How to Use
The Frame of Reference approach can be applied in every situation where miscommunication can arise in interaction between interdependent actors, with different states of knowledge, working on different parts of the same overall problem. In a research setting, proper handling of the interaction between researchers and end-users requires three basic skills, which are brought together with the Frame of Reference approach.
- The (will and) ability of researchers and end-users to interact effectively in a process of joint problem definition.
- The (will and) ability to focus on-going research on this jointly defined problem (effort mainly required from the scientist).
- The (will and) ability to adapt existing procedures and processes in practice to state-of-the-art knowledge (effort mainly required from the end-user).
Working with the ‘basic’ Frame of Reference promotes a greater involvement of the end-users during research projects and facilitates a regular confrontation of research results with developing end-user needs. A successful application of the suggested approach, however, requires an open and constructive attitude of both end-users and specialists. Willingness to co-operate, an open atmosphere and a flexible attitude are also required to provide a favourable context. Individual personalities, research management and finance regimes can either stimulate or impede the development of such a context.
Phased plan process
A key element in matching science with end-user needs, is to use the end-user’s information requirements as an explicit starting point for knowledge development and to continually confront research results with those needs. In practice, this may turn out to be unfeasible without further confinement. As a guideline, it is suggested to make at least some essential components of the decision-making process and the associated information requirements explicit, thus creating a shared ‘frame of reference’.
Analysis of practical cases, by Van Koningsveld and Mulder (2004), indicated that successful end-user-specialist interaction is associated with a ‘basic’ Frame of Reference comprising explicit definitions of:
- a strategic management objective;
- an operational management objective; and
- a decision recipe containing a foursome of elements, viz.:
- a quantitative state concept;
- a benchmarking procedure;
- an intervention procedure; and
- an evaluation procedure confronting the operational as well as the strategic objective.
End-user-specialist discussions may now be guided by trying to fill the blank fields on a template. Van Koningsveld et al (2005) suggested the iterative Game, Set & Match approach for this process.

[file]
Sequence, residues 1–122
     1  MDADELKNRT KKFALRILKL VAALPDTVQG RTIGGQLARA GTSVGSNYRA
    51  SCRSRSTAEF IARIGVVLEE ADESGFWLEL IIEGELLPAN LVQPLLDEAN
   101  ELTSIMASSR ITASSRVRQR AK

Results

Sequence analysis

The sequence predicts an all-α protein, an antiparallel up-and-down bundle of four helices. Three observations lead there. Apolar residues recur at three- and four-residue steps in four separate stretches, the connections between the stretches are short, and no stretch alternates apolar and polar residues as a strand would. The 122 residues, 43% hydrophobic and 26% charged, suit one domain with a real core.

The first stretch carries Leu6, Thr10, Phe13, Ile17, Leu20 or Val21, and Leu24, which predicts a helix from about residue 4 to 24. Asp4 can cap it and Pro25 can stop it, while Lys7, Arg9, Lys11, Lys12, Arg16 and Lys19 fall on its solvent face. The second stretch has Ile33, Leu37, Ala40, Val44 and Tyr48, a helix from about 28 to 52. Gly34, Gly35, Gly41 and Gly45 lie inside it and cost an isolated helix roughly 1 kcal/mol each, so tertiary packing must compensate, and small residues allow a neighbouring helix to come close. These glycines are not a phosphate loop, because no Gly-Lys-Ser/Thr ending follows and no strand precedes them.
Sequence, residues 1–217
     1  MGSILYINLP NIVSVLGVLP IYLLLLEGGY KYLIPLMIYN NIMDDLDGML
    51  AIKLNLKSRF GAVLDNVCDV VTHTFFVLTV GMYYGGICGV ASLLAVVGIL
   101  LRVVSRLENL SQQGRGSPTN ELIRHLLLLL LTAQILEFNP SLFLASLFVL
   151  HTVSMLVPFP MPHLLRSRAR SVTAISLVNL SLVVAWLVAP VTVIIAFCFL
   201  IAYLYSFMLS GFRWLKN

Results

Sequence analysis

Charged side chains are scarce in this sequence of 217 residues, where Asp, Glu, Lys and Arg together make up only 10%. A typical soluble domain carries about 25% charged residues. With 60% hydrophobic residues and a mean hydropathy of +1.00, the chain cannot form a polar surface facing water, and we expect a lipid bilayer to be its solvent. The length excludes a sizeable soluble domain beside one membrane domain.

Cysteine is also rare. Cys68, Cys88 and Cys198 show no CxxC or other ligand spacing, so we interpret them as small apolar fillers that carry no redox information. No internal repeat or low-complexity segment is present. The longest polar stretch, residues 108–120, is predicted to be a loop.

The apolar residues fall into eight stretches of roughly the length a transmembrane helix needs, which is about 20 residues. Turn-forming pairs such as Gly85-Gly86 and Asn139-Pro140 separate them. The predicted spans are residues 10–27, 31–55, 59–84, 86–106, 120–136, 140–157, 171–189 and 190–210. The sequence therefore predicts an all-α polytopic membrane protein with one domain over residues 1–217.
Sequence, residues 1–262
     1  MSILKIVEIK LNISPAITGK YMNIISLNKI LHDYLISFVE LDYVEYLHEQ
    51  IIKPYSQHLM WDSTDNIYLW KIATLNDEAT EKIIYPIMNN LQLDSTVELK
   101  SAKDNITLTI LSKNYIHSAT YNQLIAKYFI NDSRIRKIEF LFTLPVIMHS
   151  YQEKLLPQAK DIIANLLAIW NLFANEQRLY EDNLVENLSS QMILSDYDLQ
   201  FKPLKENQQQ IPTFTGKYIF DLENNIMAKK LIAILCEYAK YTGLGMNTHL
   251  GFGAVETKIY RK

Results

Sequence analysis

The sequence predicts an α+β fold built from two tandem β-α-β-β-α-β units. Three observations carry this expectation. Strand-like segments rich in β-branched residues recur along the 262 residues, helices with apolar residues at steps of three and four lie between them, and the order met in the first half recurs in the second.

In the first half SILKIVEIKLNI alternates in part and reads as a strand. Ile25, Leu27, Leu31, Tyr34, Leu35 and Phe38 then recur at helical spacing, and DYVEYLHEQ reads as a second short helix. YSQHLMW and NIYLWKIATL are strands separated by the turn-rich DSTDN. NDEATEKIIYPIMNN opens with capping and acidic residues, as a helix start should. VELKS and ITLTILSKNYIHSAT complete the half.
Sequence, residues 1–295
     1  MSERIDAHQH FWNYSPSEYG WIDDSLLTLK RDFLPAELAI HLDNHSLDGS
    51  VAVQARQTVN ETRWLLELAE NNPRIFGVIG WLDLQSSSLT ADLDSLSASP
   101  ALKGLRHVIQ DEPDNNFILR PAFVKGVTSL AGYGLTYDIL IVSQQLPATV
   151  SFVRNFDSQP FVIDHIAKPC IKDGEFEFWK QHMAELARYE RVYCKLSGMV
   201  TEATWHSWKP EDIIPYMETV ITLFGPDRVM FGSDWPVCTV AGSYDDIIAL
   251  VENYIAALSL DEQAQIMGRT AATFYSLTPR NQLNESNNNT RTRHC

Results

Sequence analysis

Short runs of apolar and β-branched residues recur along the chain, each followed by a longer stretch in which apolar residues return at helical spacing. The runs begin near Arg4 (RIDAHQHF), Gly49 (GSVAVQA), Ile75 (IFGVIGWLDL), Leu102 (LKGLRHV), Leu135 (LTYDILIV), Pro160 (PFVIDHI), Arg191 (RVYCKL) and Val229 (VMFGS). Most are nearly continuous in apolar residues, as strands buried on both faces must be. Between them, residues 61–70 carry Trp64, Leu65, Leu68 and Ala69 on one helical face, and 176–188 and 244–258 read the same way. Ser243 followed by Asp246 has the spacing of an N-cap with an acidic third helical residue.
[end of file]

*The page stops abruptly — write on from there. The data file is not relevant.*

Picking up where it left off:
Iterative method of application: Game, Set & Match
Developing a ‘basic’ Frame of Reference that can be used for coastal management, and is based on the best insights in coastal system behaviour, obviously requires many iterations and discussions. To prevent discussions that are too abstract, it is suggested to strive for a fully developed ‘basic’ Frame of Reference, using the “Game, Set & Match”-principle.
During the ‘Game’-phase, some item of the Frame of Reference is discussed; preferably starting from the strategic objective and working one’s way ‘down’. After some discussion, the actor responsible for defining the coastal management issue (or a mediator), ‘sets’ the problem at hand, summarising the previous discussion and making the crucial elements as explicit as possible (state what you do know). The result is an explicit target for the participants to ‘match’ their knowledge to. The ‘set’ Frame of Reference may now be altered, broadened or detailed by all participants. With the resulting Frame of Reference, a new ‘Game’-phase may be initiated.
In the initiation phase, several iterations may be possible during one meeting or workshop. Once an initial coarse Frame of Reference has emerged, more time may be needed to actually match new specialist knowledge, as new technologies and algorithms may need to be developed and applied. If the interval between a ‘matching’-phase and a new ’game’ of discussion becomes too large, it may be useful to apply the concept of pilot applications or prototyping to allow discussions to progress beyond the mere abstract.
As an example, the Frame of Reference method has been applied for the Dutch coastal sediment management policy of Dynamic Preservation is presented below: The main objective for Dynamic Preservation is to guarantee sustainable preservation of safety and of values and functions in the dune area. Dynamic Preservation implies the goal to make optimal use of natural processes. Consequently, the principal intervention procedure is sand nourishment.